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vba – MS Access 2010, Excel 2010, Windows Server 2008 R2 64-bit: SaveAs method of Workbook class failed

Posted by: admin April 23, 2020 Leave a comment


Services used: MS Access 2010, Excel 2010, Windows Server 2008 R2 (64-bit)

In our MS Access database, we wrote a process that exports queries to .xlsx format and saves them on the network drive. It uses this syntax:

objxl.ActiveWorkbook.SaveAs filename, FileFormat:=xlOpenXMLWorkbook


xlWBk.SaveAs filename, FileFormat:=xlOpenXMLWorkbook

where objxl is declared as:

Private objxl As Object

And files are opened via:

Dim xlWBk As Object

If objxl Is Nothing Then
    Set objxl = CreateObject("Excel.Application")
End If

If Dir(sourceFile) = vbNullString Then
    Set xlWBk = objxl.Workbooks.Add
    Set xlWBk = objxl.Workbooks.Open(sourceFile)
    blnFileExists = True
End If

This code works fine when we run it manually. I am reasonably confident that the code is correct, but I’m posting it here just in case.

However, we need to automate this database so we have it run from an account via scheduled task, set to run even if the account is not logged in (and this account has admin rights, etc). Unfortunately, when running the program like this, we get this error in our logs:

"SaveAs method of Workbook class failed."

We’ve verified that it isn’t a network read/write problem (it writes all sorts of other files, such as .txt and .pdf, just fine to the network drive. This issue appears to be localized to Excel).

We’ve tried a fix as per this post: https://stackoverflow.com/a/1090864/5239568

But nothing seems to be working so far.

How to&Answers:

Finally got it fixed. Here was what worked, in case anyone in the future has this same error.

We added BOTH folders:



My first suggestion would be to check for Excel add-ins that run automatically – especially a corporate security document classification / copyright notice script.

Your next suspect is Trusted Locations, which I’ve mentioned elsewhere under the heading Trusted Locations: a source of misleading error messages.

This is the leading suspect, because ‘Trusted Locations’ is a security setting that interdicts scripts and automated COM objects, but not manual actions. Or at least, not all ‘user is present’ manual actions. So you won’t catch it by trying to reproduce the error manually – and you might find that your attempts at debugging give inconsistent results.

You can set a folder to be a trusted location manually, in any Microsoft Office Application, under the ‘File’ menus as Options; Trust Center; Trusted Locations – but this is user-specific and you might not be able to do it for whoever (or whatever) runs your application. So this should give you a hint about automating it:

VBA Code to set a Trusted Location:

Public Sub TrustThisFolder(Optional FolderPath As String, _
                           Optional TrustSubfolders As Boolean = True, _
                           Optional TrustNetworkFolders As Boolean = False, _
                           Optional sDescription As String)

‘ Add a folder to the ‘Trusted Locations’ list so that your project’s VBA can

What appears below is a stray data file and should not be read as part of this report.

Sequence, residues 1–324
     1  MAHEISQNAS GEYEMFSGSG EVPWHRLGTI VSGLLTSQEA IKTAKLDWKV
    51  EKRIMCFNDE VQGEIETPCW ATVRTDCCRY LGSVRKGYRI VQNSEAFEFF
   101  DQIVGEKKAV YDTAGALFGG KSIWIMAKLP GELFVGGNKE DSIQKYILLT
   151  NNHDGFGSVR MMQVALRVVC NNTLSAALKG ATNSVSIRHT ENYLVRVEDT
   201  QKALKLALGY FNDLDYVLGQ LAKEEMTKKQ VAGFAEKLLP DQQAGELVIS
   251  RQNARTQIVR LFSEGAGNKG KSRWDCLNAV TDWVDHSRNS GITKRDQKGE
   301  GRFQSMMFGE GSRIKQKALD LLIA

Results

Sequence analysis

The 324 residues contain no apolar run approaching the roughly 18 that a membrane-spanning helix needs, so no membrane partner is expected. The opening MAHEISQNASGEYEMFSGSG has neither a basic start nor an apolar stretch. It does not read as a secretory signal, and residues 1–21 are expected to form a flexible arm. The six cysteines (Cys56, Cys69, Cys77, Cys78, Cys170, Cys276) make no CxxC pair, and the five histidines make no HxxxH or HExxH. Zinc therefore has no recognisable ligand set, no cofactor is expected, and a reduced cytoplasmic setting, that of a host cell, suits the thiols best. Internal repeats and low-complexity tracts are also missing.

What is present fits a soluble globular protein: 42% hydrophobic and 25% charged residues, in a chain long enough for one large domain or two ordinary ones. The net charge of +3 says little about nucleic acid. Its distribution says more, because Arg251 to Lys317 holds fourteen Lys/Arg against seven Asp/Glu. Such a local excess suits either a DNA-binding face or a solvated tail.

‘ open Excel files without raising errors like “Office has detected a problem
‘ with this file. To help protect your computer this file cannot be opened.”

‘ Ths function has been implemented to fail silently on error: if you suspect
‘ that users don’t have permission to assign ‘Trusted Location’ status in all
‘ locations, reformulate this as a function returning True or False

‘  This should be used with caution: although I regard Microsoft’s rationale
‘  for ‘Trusted Locations’ to be flawed (in this specific case, perverse and
‘  worse than ineffective) bypassing a security feature is never a good idea
‘  without letting the users know what they are doing, and offering a choice

‘  You are strongly advised to keep the confirmation dialogue, unless you’ve
‘  run into something stupid – like refusing to open files in the user’s own
‘  local temp folder – which is what we’re dealing with here, in basExcelSQL

‘ Author:

‘ Nigel Heffernan January 2015 http:\Excellerando.blogspot.com

‘ Based on code published by Daniel Pineault in DevHut.net on June 23, 2010:
‘ www.devhut.net\2010\06\23\vbscript-createset-trusted-location-using-vbscript\

‘ **** **** **** ****  THIS CODE IS IN THE PUBLIC DOMAIN  **** **** **** ****

‘ This code has been widely published, and at least one of the sites carrying
‘ it (and derived works) asserts that it is subject to an open-source license,
‘ which explicitly forbids us from asserting ownership, copyright, or other
‘ intellectual property rights, or attempting to impose restrictive commercial
‘ secrecy terms on its use, re-use, or publication. Take care to label this
‘ this code, and segregate it from proprietary source code, or other material
‘ with embedded business process information which should be kept private.


‘ 1:    Reinstate the commented-out line ‘Debug.Print sSubKey & vbTab & sPath
‘ 2:    Open the Immediate Window and run this command:
‘           TrustThisFolder “Z:\”, True, True, “The user’s home directory”
‘ 3:    If  “Z:\”  is already in the list, choose another folder
‘ 4:    Repeat step 2 or 3: the folder should be listed in the debug output